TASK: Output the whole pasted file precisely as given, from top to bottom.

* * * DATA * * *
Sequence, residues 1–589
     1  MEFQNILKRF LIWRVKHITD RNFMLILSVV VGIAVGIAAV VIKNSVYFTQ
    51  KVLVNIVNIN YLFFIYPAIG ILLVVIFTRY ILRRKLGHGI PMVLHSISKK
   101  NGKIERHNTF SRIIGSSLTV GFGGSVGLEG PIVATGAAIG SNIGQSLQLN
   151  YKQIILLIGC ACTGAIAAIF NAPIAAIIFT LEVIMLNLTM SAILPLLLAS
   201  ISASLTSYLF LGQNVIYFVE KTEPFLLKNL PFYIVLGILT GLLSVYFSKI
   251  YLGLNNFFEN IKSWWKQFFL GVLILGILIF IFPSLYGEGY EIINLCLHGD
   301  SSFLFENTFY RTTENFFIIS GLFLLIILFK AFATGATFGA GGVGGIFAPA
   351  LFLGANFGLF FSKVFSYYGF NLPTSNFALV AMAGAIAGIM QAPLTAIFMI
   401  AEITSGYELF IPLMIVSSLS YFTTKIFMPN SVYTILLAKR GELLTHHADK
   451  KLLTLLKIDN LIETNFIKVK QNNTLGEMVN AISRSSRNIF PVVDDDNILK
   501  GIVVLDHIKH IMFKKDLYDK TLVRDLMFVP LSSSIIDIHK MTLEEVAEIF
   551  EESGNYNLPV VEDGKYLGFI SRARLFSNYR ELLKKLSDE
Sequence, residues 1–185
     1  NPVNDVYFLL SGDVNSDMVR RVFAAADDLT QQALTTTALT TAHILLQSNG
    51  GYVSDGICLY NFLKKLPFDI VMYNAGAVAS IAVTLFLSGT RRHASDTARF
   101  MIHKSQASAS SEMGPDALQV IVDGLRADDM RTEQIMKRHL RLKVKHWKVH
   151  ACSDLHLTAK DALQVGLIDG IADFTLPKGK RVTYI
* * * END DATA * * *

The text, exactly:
Sequence, residues 1–589
     1  MEFQNILKRF LIWRVKHITD RNFMLILSVV VGIAVGIAAV VIKNSVYFTQ
    51  KVLVNIVNIN YLFFIYPAIG ILLVVIFTRY ILRRKLGHGI PMVLHSISKK
   101  NGKIERHNTF SRIIGSSLTV GFGGSVGLEG PIVATGAAIG SNIGQSLQLN
   151  YKQIILLIGC ACTGAIAAIF NAPIAAIIFT LEVIMLNLTM SAILPLLLAS
   201  ISASLTSYLF LGQNVIYFVE KTEPFLLKNL PFYIVLGILT GLLSVYFSKI
   251  YLGLNNFFEN IKSWWKQFFL GVLILGILIF IFPSLYGEGY EIINLCLHGD
   301  SSFLFENTFY RTTENFFIIS GLFLLIILFK AFATGATFGA GGVGGIFAPA
   351  LFLGANFGLF FSKVFSYYGF NLPTSNFALV AMAGAIAGIM QAPLTAIFMI
   401  AEITSGYELF IPLMIVSSLS YFTTKIFMPN SVYTILLAKR GELLTHHADK
   451  KLLTLLKIDN LIETNFIKVK QNNTLGEMVN AISRSSRNIF PVVDDDNILK
   501  GIVVLDHIKH IMFKKDLYDK TLVRDLMFVP LSSSIIDIHK MTLEEVAEIF
   551  EESGNYNLPV VEDGKYLGFI SRARLFSNYR ELLKKLSDE
Sequence, residues 1–185
     1  NPVNDVYFLL SGDVNSDMVR RVFAAADDLT QQALTTTALT TAHILLQSNG
    51  GYVSDGICLY NFLKKLPFDI VMYNAGAVAS IAVTLFLSGT RRHASDTARF
   101  MIHKSQASAS SEMGPDALQV IVDGLRADDM RTEQIMKRHL RLKVKHWKVH
   151  ACSDLHLTAK DALQVGLIDG IADFTLPKGK RVTYI